Are you tired of taking out the trash on a daily basis? Do you want to reduce the amount of garbage in landfills? Interested in making recycling easier? If you answered yes to any of these questions, you might want to consider investing in a trash compactor.
What is a Trash Compactor?
Now, if you’ve watched Star Wars, your frame of reference for trash compactors may be something huge, disgusting and dangerous. Lucky for you, however, the modern rendition of a trash compactor is both small and safe!
In fact, these stand-alone machines fit easily into a kitchen. At around 15 inches wide, 34 inches tall and roughly 24 inches deep, the average kitchen trash compactor can stand easily in a corner or alongside kitchen islands (providing additional counter space), or even fit into some cabinets. Basically, it takes up about as much space as a large drawer. Trash compactors use a lot of power, though, so be sure that your compactor has direct access to an outlet.
What Does a Trash Compactor Do?
Not surprisingly, trash compactors compact trash. Trash compactors can be used to compact some recyclable materials as well (glass is not recommended), but really, compacting things is its only job. The appliance is very straightforward; you fill it up (some models recommend filling only about halfway), close the door, press start, and wait. In under a minute, your items will be compacted into a small, much more manageable “cube.”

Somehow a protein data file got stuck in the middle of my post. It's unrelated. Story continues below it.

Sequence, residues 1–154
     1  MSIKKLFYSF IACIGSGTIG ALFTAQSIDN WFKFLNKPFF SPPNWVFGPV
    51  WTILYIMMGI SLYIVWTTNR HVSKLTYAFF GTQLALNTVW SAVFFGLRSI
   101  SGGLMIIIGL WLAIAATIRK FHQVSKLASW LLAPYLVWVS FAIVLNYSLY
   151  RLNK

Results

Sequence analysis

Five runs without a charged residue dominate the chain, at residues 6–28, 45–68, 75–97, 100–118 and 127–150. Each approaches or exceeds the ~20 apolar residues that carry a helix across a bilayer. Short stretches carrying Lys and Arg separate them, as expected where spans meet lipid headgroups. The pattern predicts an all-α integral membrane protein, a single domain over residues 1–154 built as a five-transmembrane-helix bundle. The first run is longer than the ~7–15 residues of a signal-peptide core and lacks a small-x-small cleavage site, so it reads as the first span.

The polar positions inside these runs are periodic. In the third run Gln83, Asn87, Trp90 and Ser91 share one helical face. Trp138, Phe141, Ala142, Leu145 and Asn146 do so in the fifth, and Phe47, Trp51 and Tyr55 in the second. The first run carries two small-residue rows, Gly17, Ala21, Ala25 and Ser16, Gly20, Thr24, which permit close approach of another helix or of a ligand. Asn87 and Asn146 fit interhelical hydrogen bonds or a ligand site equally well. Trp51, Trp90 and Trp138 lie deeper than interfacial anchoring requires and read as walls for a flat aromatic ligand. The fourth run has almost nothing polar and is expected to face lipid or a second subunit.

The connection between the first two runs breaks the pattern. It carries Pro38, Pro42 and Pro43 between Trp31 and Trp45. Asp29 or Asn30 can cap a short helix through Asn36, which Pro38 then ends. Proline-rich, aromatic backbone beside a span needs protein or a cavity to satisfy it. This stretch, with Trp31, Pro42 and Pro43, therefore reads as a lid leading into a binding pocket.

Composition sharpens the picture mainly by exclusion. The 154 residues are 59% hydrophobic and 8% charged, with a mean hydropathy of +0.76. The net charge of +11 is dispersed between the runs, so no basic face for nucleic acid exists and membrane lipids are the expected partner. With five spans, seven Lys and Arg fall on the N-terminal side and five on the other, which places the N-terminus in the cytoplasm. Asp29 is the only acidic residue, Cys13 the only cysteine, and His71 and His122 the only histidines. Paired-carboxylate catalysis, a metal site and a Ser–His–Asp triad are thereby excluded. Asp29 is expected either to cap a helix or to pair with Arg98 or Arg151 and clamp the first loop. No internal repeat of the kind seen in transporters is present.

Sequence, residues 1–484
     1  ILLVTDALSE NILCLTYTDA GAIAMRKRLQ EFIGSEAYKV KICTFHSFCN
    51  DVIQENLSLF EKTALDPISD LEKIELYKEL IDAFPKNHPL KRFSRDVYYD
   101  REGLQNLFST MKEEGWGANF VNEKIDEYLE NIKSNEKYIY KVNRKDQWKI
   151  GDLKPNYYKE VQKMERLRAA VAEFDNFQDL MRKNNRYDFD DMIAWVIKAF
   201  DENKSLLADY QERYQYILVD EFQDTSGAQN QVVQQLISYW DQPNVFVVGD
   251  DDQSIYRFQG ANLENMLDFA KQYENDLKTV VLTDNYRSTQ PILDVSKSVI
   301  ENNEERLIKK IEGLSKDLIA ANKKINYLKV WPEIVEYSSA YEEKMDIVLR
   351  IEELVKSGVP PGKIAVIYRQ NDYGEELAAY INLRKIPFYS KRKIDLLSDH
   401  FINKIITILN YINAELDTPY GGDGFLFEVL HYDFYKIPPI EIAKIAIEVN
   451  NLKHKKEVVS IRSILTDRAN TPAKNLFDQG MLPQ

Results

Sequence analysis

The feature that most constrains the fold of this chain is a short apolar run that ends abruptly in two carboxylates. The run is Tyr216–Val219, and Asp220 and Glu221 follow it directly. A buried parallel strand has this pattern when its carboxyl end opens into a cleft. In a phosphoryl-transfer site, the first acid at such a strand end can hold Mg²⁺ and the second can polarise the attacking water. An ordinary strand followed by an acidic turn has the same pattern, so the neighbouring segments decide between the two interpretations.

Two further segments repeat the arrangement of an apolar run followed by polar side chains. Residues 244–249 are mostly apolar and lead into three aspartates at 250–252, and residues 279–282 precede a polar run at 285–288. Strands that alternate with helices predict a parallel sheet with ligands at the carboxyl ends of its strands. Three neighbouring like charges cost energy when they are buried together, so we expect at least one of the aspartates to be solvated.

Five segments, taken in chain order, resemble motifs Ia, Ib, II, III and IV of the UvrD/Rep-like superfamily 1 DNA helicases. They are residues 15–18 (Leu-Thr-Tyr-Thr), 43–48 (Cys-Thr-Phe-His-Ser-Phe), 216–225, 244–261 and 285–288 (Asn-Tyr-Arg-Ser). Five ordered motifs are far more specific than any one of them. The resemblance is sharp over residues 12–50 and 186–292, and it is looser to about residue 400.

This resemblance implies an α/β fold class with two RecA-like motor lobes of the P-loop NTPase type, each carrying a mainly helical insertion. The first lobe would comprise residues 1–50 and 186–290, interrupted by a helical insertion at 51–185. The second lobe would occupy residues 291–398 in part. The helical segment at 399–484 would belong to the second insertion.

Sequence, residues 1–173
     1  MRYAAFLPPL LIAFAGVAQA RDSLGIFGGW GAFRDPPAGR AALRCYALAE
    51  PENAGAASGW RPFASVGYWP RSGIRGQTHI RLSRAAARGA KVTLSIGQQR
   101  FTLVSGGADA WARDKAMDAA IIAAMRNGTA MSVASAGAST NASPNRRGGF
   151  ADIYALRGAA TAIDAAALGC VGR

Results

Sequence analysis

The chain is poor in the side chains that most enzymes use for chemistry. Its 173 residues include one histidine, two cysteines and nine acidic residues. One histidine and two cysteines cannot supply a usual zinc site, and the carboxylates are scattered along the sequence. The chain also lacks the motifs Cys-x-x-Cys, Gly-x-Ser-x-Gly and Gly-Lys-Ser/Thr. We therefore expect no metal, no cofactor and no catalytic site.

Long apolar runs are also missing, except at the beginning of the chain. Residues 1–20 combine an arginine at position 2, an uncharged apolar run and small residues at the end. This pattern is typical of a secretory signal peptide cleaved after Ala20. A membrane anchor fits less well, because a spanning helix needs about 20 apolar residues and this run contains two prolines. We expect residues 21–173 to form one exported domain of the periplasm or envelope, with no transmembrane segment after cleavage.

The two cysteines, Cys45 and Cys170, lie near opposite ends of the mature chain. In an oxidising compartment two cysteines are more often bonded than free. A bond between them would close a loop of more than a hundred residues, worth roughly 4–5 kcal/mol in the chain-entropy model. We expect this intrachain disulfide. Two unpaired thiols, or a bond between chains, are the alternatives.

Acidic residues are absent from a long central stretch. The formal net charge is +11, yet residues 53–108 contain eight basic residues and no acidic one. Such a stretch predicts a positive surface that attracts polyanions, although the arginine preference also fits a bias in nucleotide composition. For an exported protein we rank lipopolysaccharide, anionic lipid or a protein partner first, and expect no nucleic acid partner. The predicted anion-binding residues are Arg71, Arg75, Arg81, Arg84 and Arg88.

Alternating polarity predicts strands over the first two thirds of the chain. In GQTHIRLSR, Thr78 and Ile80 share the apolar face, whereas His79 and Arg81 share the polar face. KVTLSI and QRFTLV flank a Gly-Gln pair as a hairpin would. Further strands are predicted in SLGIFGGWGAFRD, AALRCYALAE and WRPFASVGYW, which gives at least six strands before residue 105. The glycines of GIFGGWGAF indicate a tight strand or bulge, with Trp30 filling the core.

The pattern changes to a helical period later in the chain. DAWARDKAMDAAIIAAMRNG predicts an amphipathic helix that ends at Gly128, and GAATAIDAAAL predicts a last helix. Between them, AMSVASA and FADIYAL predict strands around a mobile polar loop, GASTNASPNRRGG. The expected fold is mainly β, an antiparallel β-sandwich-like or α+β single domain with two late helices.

You continue compacting trash until the bag is full. Your garbage will weigh roughly 30 pounds, depending on what you compacted, but it will be easy enough to remove from the appliance. And you’ll be removing it much less often – around once a week depending on how much waste you produce – which is a real perk!
How Does a Trash Compactor Work?
A trash compactor is very simple: It’s made up of a bin, a start button, a key (more on this in a minute) and, the piece de resistance, a metal battering ram. Now, you’ll want to be careful when loading this machine; don’t try to shove items in using your hands and feet. Doing so could damage the compactor, or worse, result in injuries to your body.
Check to make sure everything is loaded properly before turning on the compactor. Thankfully, to avoid crushed limbs or broken machinery, many compactors come equipped with safety features. For instance, some machines require a key to turn the appliance on. Others have some sort of sign, like beeping or a light, to let you know if something is wrong.
You will need to invest in special bags for a trash compactor, but this is usually a small price to pay for having to deal with less trash.
What About the Smell?
One of the most common questions when it comes to trash compactors is whether or not they smell bad. The short answer: It depends.